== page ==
Op-ed: What the Ruby Rose Obsession Misses About Gender-Fluid Lives

Op-ed: What the Ruby Rose Obsession Misses About Gender-Fluid Lives

"How's Micah?" my father-in-law texts my spouse. He lives in a small suburb in Georgia, sings at church every Sunday, and occasionally wears Hawaiian-print shirts. Every time a trans person makes a splash in mainstream media — Chaz Bono on Dancing With the Stars, Laverne Cox gracing the cover of Time — he checks in, his small way of letting us know he's totally cool with everything. He is also one of 17 million Americans who saw Caitlyn Jenner come out as transgender on national television.

I haven't even come out to 17 people, at least not with the whole story.

Folks in my life fall into three camps: those who still see me as the girl I never was, those who believe I’m a trans man, and those who think I'm nothing more than a sweet-mannered five-foot short guy. All three groups are equally convinced that what they see is so blatantly, obviously, the only possible truth. But even the most well-meaning ones — the ones who do know I'm transgender or have to some degree intuited that some sort of gender transformation has taken place — don't quite grasp the entire depth of my identity.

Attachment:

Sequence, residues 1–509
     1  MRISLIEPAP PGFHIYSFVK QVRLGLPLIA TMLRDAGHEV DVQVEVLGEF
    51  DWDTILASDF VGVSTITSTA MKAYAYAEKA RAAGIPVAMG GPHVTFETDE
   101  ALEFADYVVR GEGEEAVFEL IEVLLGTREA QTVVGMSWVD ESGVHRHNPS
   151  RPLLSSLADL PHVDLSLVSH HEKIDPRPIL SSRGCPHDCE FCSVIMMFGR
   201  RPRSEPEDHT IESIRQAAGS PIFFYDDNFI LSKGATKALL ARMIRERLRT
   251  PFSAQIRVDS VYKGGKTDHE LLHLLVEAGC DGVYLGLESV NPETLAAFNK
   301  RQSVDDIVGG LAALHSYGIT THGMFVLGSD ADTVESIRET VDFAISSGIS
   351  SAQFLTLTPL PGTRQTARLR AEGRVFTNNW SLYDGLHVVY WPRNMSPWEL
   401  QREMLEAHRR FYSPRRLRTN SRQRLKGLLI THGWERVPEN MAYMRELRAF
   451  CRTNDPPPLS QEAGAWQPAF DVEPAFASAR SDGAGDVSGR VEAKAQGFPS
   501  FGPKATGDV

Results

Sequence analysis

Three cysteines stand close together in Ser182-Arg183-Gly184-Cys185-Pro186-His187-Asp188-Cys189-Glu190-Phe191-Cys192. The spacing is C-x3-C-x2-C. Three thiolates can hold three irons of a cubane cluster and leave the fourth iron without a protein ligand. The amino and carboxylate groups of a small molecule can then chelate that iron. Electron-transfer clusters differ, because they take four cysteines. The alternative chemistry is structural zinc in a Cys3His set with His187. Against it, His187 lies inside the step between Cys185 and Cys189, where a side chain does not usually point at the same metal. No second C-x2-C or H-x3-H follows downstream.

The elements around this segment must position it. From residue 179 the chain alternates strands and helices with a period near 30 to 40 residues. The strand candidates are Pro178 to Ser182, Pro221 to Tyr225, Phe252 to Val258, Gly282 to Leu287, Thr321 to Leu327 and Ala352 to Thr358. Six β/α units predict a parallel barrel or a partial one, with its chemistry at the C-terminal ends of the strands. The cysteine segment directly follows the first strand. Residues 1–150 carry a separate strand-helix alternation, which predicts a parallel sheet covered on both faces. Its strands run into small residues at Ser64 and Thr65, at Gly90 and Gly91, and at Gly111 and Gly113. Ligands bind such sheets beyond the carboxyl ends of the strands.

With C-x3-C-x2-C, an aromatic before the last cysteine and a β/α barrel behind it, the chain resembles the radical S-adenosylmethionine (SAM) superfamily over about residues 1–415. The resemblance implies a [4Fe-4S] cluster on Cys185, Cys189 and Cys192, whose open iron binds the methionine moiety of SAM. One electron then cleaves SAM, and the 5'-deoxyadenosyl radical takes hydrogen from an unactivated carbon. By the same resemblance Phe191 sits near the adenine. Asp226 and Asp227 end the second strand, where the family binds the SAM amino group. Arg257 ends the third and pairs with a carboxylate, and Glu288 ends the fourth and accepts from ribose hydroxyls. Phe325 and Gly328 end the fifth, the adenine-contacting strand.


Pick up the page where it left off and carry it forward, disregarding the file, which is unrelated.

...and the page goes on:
My gender is too complicated for a single sentence. Confessing "I'm nonbinary" elicits the usual quandary: "What's the binary?" Just like some people don't feel they are girls and others don't feel they are boys, I feel I'm neither. Yet that one sentence already assumes an understanding — and acceptance of — the canonical transgender experience. It's a big leap to understand nonbinary identities, considering that the latter conversation has barely begun.

Simply put, the gender binary is the idea that there are only two distinct sexes and/or genders: male and female. This is false. In fact, gender (as well as sex) is a spectrum. Yet talking about transitioning as “transcending gender” — thus queering gender — is not equivalent to portraying the genderqueer spectrum. Most trans people still identify within conventional notions of man or woman; after all, a trans man is a man, a trans woman is a woman. What about the trans not-men, trans not-women?